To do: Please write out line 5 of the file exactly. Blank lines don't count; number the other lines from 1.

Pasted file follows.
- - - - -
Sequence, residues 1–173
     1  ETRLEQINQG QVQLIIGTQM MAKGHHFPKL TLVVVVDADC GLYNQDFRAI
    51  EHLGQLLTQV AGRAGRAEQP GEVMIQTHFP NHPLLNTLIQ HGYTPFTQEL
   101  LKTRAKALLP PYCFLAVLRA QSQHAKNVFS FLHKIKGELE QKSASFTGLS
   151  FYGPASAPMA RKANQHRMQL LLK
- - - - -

   151  FYGPASAPMA RKANQHRMQL LLK